Athletes doping in sport is as old as sport itself; Ancient Greek sportsmen and women ate and drank various substances that were believed to have enhanced performance, giving them an advantage over their opponents. Humans have always striven to push the bounds of what is possible—that is what is beautiful about our species.
However, doping as we know it nowadays is undeniably cheating and therefore, immoral. Performance-enhanced athletes are deceiving spectators who are prepared to be dazzled by the beauty of a human’s natural ability, by breaking the rules. With scandals like Russia’s state sponsored doping scheme and Maria Sharapova’s medical ‘slip-up’ emerging in the press all too often, is it not time to alter the rules to incorporate this overwhelming number of athletes? Until technology is advanced enough to successfully catch all doping athletes, this may be the only solution.
If rules were changed to make doping transparent, then it would no longer be deemed cheating. Allowing this would arguably get rid of the beauty of sport and the chance for an audience to watch an athlete pushing themselves to the limits of un-enhanced human capability; you would no longer be watching the ultimate Wimbledon final between Rafael Nadal and Roger Federer, but a clash between Zeus and Mars. But would this be a bad thing though if it meant that months down the line you did not, as a spectator, feel totally deceived by a sporting event that you thought was real but has just been deemed a total lie by the front cover of the tabloids?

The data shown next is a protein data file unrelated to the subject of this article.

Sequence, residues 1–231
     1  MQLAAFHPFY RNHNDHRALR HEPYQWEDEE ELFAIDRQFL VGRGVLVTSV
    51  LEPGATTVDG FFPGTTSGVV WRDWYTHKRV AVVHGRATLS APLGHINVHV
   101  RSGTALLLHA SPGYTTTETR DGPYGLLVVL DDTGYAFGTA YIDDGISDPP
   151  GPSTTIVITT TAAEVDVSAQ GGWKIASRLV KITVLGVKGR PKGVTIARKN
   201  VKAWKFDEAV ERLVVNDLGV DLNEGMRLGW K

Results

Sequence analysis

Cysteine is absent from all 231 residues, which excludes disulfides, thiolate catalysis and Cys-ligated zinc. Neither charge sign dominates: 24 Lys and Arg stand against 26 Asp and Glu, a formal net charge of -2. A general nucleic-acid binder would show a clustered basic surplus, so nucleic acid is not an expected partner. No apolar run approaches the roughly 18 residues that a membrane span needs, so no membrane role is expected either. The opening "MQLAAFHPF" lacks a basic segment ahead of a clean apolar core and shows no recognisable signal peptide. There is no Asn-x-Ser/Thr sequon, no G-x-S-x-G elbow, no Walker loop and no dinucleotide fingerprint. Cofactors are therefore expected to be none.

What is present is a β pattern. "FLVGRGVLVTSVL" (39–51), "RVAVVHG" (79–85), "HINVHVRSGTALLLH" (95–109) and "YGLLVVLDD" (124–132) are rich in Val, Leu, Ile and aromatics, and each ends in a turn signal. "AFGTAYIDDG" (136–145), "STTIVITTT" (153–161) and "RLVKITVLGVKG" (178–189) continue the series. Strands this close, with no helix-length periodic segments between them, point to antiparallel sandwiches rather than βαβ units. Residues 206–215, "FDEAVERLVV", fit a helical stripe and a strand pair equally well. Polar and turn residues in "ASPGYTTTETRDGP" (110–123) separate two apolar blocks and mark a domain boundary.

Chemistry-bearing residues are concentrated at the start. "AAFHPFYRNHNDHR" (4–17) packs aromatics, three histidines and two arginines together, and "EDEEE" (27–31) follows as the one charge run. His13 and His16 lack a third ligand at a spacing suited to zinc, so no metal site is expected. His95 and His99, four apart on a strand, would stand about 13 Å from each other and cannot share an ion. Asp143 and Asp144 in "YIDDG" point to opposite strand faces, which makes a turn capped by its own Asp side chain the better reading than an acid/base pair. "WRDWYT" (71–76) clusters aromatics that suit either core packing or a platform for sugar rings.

Anti-doping agencies have banned across all sports certain substances that are believed to enhance performance, in an attempt to ‘level the playing field’. Even if these regulatory bodies were successful in their attempts to clean up sport, the playing field would still very much not be level. Athletes can seek advantage over their opponents in multiple ways that are deemed legal; hypnosis, acupuncture, sleeping in oxygenated tents, not to mention constant technological advancements. What happens then to the less wealthy countries who cannot afford to ‘tweak’ their athletes as close to the legal line as possible? Are they then supposed to rely on pure natural ability in order to just keep hot on the tails of their opponents—surely a dated concept?
A professional athlete’s livelihood depends on winning and for those that are clean, facing drugged-up opponents pretty much eliminates this possibility. Athletes are then faced with a moral dilemma: stay clean and have almost no chance of success, or dope. To add to the pressure of doping is the likelihood of not getting caught, one survey in 2015 estimated only a 2 per cent chance of being caught out—and psychologist’s studies have shown that the less likely you are to be caught, the greater number of cheats there is. This would regretfully suggest that the doping scandals we hear about are only the tip of the iceberg.
At the moment athletes are prepared to go to any means possible to enhance their performance in order to keep up with the opposition, often self-administering the drugs they or their trainers have obtained from unknown sources. If doping was to be legalised then drugs would be properly administered and athletes would no longer have to delve into this perilous underground world, risking their long term health and reputation.
Not only would legalising doping eliminate the risk factor, it would actually make sport fairer. Although this may sound counter intuitive, if an international body was to distribute performance enhancers, then everyone would have access to the same drugs in the same quantities, therefore levelling out the playing field.
Doping is a complex moral issue but one which increasingly needs addressing or we risk totally losing the enjoyment we get from watching organised sport or perhaps, which nobody wants, losing it altogether. While the rules that stand are continually being broken therefore leading to injustice, they should be changed.